Reich, an Austrian-born psychiatrist, would not have considered himself a magician or occultist. Yet in his work with the life force, which he called orgone, he traversed the same territory and uncovered many of the same secrets that magicians had known about for centuries. What makes Reich's discoveries significant is that he approached the etheric realms and spiritual forces from a scientist's perspective, offering objective evidence for mystical experiences.
“Reich also understood the nature of energy and how the human body gives access to that unitary, planetary energy which we see active in the formation of hurricanes and in the aurora borealis, through sex and bodily sensation. What makes sex magick possible is that all living systems have the capacity to store a charge of energy.” — Donald Michael Kraig,
Best known for his contributions in the field of psychology, particularly his book
Reich emphasized the significance of sexual energy as the life force responsible for mental and physical health. He proposed that repressed psychosexual energy could produce physical blocks, a condition he called “body armoring,” that led to physical illnesses including cancer and arthritis. He presented these ideas and the results of his scientific studies of human sexuality in his book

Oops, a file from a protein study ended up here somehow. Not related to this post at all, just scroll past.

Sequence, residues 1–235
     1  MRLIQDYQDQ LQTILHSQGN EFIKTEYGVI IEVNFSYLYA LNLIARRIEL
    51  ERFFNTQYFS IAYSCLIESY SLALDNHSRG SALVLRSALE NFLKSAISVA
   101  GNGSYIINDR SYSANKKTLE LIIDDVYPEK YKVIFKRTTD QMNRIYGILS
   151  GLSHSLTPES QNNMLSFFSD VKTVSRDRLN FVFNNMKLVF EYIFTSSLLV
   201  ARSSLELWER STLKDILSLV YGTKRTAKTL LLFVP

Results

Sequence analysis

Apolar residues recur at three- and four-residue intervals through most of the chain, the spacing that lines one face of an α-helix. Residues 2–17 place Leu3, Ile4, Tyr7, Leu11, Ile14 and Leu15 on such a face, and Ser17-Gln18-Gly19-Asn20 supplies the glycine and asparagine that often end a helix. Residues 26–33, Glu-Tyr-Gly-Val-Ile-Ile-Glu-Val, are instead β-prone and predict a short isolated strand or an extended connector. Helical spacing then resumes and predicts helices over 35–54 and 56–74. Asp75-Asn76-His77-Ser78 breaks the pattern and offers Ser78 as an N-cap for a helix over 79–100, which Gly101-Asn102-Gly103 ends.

While living in Scandinavia, Reich began extensive studies of how orgone operated in the body and in the environment. He believed cancer was caused by the depletion of orgone energy. As a result of his experiments, he attempted to capture, heighten, and direct this “primordial cosmic energy” for healing purposes. In 1940, after relocating to Maine, he began building orgone accumulators, wood-and-metal boxes in which an ill person sat while orgone was channeled through her body.
To collect orgone from the atmosphere, Reich designed a “cloudbuster” that allowed him to produce rain. His experiments with orgone attracted UFOs, which led him to theorize that orgone fueled these crafts (discussed in his most controversial book,